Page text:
By Telegraph Herald
Admittedly, voter fraud is not the biggest issue confronting the U.S. electoral process. Citizens should worry much more about the influence of money in politics — especially anonymous donations — than mischief at the polls.
Even so, it is not too much to expect people to show a reasonable form of identification when they exercise their right to vote. Legislation being discussed in Iowa and Wisconsin this year would do just that.
Opponents raise the specter of voter disenfranchisement. Elderly people, women who have changed their names, college students and minorities are the supposed victims of laws requiring voters to show a current government-issued ID.
Paying a fee to acquiring such an ID amounts to a poll tax, opponents say. How much weight that argument carries is a matter of partisan opinion. But let’s say a fee-for-ID is an illegal poll tax. The Iowa secretary of state says anyone needing an ID to vote would receive one at no charge. Further, the Iowa bill permits one person with valid photo ID to attest for another voter who does not. Now, how is that being unreasonable?
Opponents also like to point out that fraud isn’t as rampant as some supporters of ID laws would have you believe. That’s true. Today’s front-page report talks with local elections officials who will confirm that this area has not had many incidents of voter fraud. At least not that we know of.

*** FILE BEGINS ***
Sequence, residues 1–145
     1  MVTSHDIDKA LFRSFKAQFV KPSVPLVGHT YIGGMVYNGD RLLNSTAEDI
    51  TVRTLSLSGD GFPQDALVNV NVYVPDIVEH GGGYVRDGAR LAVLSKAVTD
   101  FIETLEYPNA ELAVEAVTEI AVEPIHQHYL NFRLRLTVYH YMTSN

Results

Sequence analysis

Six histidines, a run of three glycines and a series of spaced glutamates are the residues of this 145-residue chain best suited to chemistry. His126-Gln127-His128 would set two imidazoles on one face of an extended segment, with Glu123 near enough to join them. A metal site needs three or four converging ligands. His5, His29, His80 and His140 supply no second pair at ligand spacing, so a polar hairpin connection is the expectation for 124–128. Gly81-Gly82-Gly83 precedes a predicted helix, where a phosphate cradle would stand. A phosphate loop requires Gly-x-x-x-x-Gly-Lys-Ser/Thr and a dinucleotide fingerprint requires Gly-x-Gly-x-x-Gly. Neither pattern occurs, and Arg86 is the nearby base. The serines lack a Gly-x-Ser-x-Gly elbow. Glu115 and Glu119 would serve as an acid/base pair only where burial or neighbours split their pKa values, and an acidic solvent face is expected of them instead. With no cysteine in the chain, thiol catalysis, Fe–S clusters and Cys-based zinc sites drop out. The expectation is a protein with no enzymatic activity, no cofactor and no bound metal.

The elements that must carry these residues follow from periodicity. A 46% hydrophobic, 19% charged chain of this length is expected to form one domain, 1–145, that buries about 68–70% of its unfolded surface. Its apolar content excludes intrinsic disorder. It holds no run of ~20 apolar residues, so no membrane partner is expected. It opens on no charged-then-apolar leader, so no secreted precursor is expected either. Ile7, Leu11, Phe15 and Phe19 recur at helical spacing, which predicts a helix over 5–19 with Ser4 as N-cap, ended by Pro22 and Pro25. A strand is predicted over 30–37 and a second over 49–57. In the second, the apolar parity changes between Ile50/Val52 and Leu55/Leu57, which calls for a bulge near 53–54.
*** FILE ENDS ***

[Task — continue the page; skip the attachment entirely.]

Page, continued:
Does it seem like a stretch to anyone that voter fraud could happen if people aren’t required to prove that they are who they say they are? Why wouldn’t we want to protect against that?
We show identification before we board a plane, every time we write a check and oftentimes when we enter a federal government building. Americans manage to come up with identification when they want to purchase alcohol or tobacco or get into a nightclub. It is a fact of modern life. That we require the same proof of identification for voting that we do for cashing a check just isn’t unfairly burdensome.
The issue boils down to politics. In general, Republicans want voter ID and Democrats do not. There’s little evidence that voter fraud needs to be stamped out by ID enforcement. But there’s also little evidence that requiring IDs would suppress the vote. A campaign of education and information explaining how voters can attain proper identification must be part of the process, should voter ID laws go into effect. But in today’s culture, showing an ID at the voting booth seems like a natural step in the evolving process.